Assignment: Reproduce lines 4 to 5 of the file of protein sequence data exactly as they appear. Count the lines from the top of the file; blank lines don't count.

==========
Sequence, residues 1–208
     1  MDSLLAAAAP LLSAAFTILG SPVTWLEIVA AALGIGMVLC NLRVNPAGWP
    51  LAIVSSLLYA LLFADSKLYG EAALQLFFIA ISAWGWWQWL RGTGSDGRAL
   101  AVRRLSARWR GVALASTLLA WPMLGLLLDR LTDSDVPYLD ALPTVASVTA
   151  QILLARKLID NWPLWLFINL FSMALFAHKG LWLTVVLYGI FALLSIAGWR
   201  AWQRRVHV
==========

   101  AVRRLSARWR GVALASTLLA WPMLGLLLDR LTDSDVPYLD ALPTVASVTA
   151  QILLARKLID NWPLWLFINL FSMALFAHKG LWLTVVLYGI FALLSIAGWR